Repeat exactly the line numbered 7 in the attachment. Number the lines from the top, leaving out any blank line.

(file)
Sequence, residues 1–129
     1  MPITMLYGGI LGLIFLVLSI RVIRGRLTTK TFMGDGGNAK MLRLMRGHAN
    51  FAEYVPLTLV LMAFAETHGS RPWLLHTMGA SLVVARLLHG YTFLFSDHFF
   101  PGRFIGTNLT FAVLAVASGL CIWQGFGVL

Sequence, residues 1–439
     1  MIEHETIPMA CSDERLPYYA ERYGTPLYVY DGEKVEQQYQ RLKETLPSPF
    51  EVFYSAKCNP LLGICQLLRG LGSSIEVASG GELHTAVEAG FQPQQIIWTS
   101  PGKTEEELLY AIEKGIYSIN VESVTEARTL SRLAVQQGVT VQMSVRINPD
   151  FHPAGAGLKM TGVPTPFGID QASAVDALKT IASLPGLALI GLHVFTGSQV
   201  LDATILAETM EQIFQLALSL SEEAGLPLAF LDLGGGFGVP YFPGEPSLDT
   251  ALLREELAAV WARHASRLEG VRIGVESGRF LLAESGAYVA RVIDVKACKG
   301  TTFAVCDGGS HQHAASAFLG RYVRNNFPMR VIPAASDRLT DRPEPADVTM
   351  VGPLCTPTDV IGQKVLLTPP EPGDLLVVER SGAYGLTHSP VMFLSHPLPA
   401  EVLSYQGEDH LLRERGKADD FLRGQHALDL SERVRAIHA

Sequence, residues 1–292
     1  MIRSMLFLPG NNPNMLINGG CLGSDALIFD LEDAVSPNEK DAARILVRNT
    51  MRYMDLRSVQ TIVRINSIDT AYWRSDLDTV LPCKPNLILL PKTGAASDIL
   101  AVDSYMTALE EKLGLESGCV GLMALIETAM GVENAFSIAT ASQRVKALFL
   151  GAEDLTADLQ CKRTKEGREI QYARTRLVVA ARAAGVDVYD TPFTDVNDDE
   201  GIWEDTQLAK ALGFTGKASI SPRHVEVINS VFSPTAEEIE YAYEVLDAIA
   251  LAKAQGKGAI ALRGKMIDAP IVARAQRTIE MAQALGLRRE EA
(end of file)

    51  EVFYSAKCNP LLGICQLLRG LGSSIEVASG GELHTAVEAG FQPQQIIWTS